Time-Bars: RICO-Criminal and Civil-Federal and State
Blakey, G. Robert, Notre Dame Law Review
2. The Clayton Act Rule
While the majority in Klehr was reluctant to decide finally on an accrual rule for civil RICO, Justice Scalia in his concurring opinion argued for the adoption of the Clayton Act or the injury-occurrence accrual rule. (338) In Zenith Radio Corp. v. Hazeltine Research, Inc., (339) the Court set out the accrual rule for claims under the Clayton Act:
[A] cause of action accrues and the statute begins to run when a defendant commits an act that injures a plaintiff's business. In the context of a continuing conspiracy to violate the antitrust laws, ... this has usually been understood to mean that each time a plaintiff is injured by an act of the defendants a cause of action accrues to him to recover the damages caused by that act and that, as to those damages, the statute of limitations runs from the commission of the act. However, each separate cause of action that so accrues entitles a plaintiff to recover not only those damages which he has suffered at the date of accrual, but also those which he will suffer in the future from the particular invasion, including what he has suffered during and will predictably suffer after trial. (340)
The Zenith Court made one exception to this accrual rule. If a plaintiff cannot recover future damages, because they are too speculative, "the cause of action for future damages, if they ever occur, will accrue only on the date they are suffered; thereafter the plaintiff may sue to recover them at any time within four years from the date they were inflicted." (341) The Court reasoned that without this exception, plaintiffs could not prove future damages within the limitations period, they would be unrecoverable, and that outcome would be contrary to congressional intent. (342) Thus, unless an exception applies, under the Clayton Act rule, the statute of limitations begins to run from the date of the unlawful act that injures the plaintiff's business. (343) Thus, the Clayton Act accrual rule, as decided in Zenith, is a "separate-accrual" rule. Each time the defendant injured the plaintiff by reason of a violation of the statute, he has a new claim for relief with a separate limitations period. Under the "separate-accrual," as applied to RICO, if a defendant injures a plaintiff multiple times by the same pattern of racketeering, he may only be able to recover for part of those injuries, depending on when he files his claim and various estoppel or tolling rules.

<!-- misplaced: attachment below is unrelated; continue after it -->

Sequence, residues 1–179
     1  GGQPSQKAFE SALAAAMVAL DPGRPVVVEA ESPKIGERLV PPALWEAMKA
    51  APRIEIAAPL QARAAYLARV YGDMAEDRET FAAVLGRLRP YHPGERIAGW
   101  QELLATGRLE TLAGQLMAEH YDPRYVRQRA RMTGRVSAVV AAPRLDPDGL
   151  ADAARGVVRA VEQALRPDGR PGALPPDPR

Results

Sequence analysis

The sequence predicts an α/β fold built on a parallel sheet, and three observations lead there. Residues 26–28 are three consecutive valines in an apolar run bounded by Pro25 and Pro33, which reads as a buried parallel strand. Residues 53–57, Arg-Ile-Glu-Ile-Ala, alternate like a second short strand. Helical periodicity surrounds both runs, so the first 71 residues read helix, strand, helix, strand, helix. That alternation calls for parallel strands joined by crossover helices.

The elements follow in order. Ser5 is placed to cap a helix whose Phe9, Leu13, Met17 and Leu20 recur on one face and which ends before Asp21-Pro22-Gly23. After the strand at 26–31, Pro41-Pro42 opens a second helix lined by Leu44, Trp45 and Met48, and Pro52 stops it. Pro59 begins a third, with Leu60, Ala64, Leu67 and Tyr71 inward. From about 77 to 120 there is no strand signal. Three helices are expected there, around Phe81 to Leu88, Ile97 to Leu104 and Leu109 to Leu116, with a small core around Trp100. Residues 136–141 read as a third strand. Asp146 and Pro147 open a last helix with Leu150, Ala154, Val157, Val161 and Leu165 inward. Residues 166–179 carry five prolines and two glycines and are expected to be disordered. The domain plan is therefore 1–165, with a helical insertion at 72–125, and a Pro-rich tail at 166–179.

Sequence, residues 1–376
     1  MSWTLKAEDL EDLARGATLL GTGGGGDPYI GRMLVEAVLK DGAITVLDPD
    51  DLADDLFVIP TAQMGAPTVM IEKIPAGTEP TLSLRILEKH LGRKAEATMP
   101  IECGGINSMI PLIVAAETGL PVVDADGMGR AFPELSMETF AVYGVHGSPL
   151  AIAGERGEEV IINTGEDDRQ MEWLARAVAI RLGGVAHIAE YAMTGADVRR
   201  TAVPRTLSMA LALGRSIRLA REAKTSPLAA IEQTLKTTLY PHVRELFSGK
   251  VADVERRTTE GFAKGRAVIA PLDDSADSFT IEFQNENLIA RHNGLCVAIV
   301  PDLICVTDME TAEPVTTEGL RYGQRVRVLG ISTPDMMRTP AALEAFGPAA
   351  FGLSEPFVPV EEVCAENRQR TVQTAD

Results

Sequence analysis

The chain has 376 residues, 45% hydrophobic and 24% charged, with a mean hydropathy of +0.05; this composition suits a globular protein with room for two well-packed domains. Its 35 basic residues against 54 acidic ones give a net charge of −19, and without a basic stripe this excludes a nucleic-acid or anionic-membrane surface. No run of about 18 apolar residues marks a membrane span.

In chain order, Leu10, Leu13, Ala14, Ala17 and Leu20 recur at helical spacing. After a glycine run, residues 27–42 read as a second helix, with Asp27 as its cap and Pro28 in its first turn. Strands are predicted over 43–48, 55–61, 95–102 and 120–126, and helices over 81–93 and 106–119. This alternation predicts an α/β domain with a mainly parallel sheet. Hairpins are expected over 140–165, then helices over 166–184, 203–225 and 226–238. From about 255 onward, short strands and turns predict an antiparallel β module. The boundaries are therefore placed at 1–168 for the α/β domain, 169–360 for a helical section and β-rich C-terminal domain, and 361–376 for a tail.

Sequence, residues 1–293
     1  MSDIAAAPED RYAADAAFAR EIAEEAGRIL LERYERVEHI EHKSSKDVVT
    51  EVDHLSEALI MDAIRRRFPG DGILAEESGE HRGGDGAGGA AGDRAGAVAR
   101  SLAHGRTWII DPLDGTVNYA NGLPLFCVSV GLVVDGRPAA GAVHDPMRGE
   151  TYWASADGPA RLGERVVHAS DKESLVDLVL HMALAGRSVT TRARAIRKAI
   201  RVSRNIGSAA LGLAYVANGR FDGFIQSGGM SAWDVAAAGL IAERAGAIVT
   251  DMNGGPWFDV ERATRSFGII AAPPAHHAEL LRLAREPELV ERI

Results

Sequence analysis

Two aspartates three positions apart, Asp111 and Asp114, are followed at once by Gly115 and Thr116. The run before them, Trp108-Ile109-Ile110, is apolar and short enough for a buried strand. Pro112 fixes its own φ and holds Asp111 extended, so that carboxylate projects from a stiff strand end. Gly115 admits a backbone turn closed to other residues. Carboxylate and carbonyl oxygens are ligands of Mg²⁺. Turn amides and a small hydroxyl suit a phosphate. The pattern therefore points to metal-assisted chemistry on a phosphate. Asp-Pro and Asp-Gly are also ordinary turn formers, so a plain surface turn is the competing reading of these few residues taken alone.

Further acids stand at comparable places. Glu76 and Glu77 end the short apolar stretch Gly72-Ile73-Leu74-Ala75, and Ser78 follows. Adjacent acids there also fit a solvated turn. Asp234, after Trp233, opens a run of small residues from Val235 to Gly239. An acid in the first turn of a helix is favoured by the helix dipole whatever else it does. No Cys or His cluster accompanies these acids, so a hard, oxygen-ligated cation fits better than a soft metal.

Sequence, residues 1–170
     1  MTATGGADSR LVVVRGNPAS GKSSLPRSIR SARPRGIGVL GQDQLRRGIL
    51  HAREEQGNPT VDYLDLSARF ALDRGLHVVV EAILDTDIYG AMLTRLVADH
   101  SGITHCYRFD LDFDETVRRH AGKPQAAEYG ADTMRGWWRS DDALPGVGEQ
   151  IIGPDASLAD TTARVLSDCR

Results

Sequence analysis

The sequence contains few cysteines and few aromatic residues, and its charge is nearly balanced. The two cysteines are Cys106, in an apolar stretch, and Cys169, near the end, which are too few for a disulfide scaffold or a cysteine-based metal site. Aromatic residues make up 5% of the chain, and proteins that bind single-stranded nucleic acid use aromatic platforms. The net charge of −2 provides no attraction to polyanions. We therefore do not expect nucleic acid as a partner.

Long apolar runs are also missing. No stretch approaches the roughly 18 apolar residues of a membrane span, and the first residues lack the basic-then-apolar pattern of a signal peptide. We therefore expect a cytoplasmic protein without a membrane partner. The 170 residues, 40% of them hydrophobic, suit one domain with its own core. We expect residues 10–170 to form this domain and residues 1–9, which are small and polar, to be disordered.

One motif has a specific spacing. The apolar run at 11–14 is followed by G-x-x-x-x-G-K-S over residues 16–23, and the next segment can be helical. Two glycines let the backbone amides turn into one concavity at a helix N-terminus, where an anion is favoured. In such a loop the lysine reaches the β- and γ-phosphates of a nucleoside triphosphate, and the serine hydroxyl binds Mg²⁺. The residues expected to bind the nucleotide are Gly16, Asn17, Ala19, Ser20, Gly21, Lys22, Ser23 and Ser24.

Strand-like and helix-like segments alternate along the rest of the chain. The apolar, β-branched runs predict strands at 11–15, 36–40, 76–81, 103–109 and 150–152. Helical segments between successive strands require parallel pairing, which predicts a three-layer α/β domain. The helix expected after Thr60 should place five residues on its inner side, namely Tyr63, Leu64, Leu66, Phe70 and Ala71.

In spite of Justice Scalia's concurring opinion in Klehr, no circuit court currently applies the Clayton Act accrual rule to civil RICO. (344) That said, the pure Clayton Act or injury-occurrence rule remains an "arguable fit" for RICO. Congress, after all, modeled RICO on the Clayton Act. So far; so good. On the other hand, the Court applies the modeling argument in light of the presence of other fit-factors, as in Malley-Duff for the length of the limitations period, but not, as in Tafflin on the antitrust parallel on whether federal jurisdiction for RICO is, in reference to the states, "exclusive" or "concurrent." Antitrust is; RICO is not. (345) Thus, by itself, the modeling argument is plausible, but neither determinative nor persuasive.
Under the Clayton Act rule, a victim of a RICO violation has a four-year period within which he may sue for his injury to business or property. Moreover, if five years after a RICO violation, a plaintiff suffers injuries to his business or properties that previously were too speculative to prove, he could then sue for those injuries. (346) So far, so good. Nevertheless, considered as a whole, a "pure"--not carefully modified and tailored to RICO--Clayton Act or an injury-occurrence rule is not aptly suited to civil RICO, principally because it does not include a sufficient consideration of the pattern and enterprise elements, a point the Court alluded to in Klehr. (347)
First, under the pure Clayton Act or injury-occurrence rule, the statute of limitations for RICO could potentially begin to run against the possible RICO plaintiff before the plaintiff possesses a valid RICO claim, an absurd result. …